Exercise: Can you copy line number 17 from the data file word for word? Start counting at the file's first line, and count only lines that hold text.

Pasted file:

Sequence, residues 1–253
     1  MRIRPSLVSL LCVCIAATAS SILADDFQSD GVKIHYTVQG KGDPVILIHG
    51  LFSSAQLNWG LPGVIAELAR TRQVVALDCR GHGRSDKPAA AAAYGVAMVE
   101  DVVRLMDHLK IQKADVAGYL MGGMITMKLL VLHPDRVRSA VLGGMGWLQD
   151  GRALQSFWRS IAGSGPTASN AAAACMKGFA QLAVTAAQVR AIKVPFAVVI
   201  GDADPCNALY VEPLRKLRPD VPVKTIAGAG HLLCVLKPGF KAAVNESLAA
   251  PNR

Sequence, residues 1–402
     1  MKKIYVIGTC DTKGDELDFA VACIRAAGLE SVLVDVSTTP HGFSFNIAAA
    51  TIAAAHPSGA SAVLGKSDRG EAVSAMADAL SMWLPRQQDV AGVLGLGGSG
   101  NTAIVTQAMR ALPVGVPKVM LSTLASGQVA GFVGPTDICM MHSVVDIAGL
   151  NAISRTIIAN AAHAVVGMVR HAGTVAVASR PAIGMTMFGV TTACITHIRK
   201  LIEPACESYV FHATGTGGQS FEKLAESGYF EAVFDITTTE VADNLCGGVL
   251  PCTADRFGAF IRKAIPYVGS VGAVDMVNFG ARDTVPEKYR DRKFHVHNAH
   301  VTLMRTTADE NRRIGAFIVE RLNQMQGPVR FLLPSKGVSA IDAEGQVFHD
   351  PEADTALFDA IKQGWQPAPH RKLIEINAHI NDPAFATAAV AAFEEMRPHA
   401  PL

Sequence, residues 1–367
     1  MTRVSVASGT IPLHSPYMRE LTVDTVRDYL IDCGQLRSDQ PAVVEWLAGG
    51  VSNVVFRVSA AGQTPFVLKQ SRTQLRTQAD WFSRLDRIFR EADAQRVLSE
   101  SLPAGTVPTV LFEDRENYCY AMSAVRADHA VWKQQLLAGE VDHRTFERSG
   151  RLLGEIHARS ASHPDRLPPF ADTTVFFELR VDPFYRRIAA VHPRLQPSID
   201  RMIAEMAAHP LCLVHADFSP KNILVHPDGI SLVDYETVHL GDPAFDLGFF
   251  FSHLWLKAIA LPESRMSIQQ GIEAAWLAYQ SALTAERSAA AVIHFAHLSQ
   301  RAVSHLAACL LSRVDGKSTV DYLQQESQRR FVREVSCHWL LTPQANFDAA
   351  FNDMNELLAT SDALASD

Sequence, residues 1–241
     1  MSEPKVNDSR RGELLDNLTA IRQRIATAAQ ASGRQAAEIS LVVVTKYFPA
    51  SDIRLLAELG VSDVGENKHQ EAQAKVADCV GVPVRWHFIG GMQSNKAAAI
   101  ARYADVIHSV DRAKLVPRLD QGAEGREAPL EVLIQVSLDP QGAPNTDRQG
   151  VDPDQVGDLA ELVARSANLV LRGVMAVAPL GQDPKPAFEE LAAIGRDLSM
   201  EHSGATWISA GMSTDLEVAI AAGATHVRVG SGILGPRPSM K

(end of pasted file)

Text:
   401  PL